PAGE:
African Diamonds, the development partners at AK6, were this week optimistic that government will approve the change of the lease of area before Christmas break that will enable them to increase their shareholding in the company to 40 percent.
African Diamonds’ deputy chairman, James Campbell, told Sunday Standard that:”We hope that authorization from the Department of Mines will be received before the Christmas break. In the meantime, the new shareholders of Boteti, Lucara and African Diamonds have already commenced updating the Feasibility Study.
“The kick-off meeting for the revised Feasibility Study was also 20 November and work will continue on this over the Christmas break. A key aspect of this will be the revaluation of the diamonds and this will take place shortly after the Department of Mines have authorized the transaction. Lucara and AFD are committed to bringing a ‘fit for purpose’ mining operation into production, as soon as practically possible,” he said in response to a questionnaire from Sunday Standard.
Lucara became an instant interested party in AK 6 last month after De Beers pulled-out of a rancorous relationship with African Diamonds and Wati over how to mine one of the richest diamond deposits.
“De Beers will sell its effective 70% share in the AK06 diamond deposit to Lucara Diamond Corporation, a Canadian junior diamond mining company, for US$ 49 million in cash. The sale, which is subject to a number of conditions, including the consent of the Government of Botswana, became an option once the global economic crisis constrained the project to a smaller mining plan,” De Beers has said in a statement.
Under the existing arrangement, African Diamonds has 120 days to exercise its option of increasing its shareholding in the company and it is expected to follow the long held view of its chairman, John Teeling, of involving “citizens” of Botswana in the ownership of the company.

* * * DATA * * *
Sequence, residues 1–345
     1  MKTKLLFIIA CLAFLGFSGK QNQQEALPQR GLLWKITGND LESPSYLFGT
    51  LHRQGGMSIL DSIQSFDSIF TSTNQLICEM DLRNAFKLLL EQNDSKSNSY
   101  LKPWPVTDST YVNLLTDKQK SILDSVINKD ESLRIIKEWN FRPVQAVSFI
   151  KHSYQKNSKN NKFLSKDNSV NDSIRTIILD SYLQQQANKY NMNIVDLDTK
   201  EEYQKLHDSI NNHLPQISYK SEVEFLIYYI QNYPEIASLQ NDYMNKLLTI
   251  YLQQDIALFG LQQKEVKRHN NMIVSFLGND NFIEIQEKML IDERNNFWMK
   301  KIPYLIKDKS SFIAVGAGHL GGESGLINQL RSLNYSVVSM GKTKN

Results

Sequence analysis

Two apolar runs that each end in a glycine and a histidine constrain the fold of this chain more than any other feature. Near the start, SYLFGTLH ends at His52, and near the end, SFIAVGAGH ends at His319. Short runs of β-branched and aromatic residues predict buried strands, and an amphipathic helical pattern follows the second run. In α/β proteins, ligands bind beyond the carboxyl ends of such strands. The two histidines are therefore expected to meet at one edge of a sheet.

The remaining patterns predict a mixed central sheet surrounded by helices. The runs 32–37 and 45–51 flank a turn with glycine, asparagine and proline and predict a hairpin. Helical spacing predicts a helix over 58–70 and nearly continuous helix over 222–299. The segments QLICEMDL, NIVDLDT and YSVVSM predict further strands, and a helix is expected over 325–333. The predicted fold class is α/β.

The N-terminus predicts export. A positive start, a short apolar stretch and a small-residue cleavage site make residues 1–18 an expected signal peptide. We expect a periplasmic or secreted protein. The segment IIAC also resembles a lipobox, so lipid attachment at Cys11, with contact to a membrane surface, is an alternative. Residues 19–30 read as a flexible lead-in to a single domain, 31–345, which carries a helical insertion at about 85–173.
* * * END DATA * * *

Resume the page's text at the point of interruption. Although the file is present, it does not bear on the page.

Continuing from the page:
“AFD has 120-days to exercise this option following formal approval from the Department of Mines. AFD expects to exercise this option early in 2010. AFD will, of course, be approaching Botswana financial institutions as part of this capital raising exercise,” he said, adding that they will be “issuing some shares”.
Further, he pointed out that the new partners in the mine intend to operate it as a stand-alone mine and its produce is expected to be channeled through the still to be set-up Diamond Exchange.
“The sale of De Beers shares in Boteti to Lucara was ‘voestoots’ and all previous agreements (including the diamond marketing) have been cancelled. Each shareholder has the right to market their own share of production and exploratory discussions with the Department of Mines and Dr Tombale has already started with a view to putting forward a diamond marketing proposal,” he said.
AK 6 is expected to cost about US$63 million to establish at 2 million tonnes a year output, which will produce over 400,000 carats at a modelled grade of 22 carats per hundred tonnes (cpht).
A further US$25 million in capital expenditure will double the output of tonnes and carats. African Diamonds management believe that the grade will be at least 25 cpht, giving an output of over 1 million carats. Mine development is expected in mid 2010, with production in late 2011.
The current lifespan of the Mine from the opencast is 12 years, but the deposit contains a further 7 million carats between 372 and 758 metres.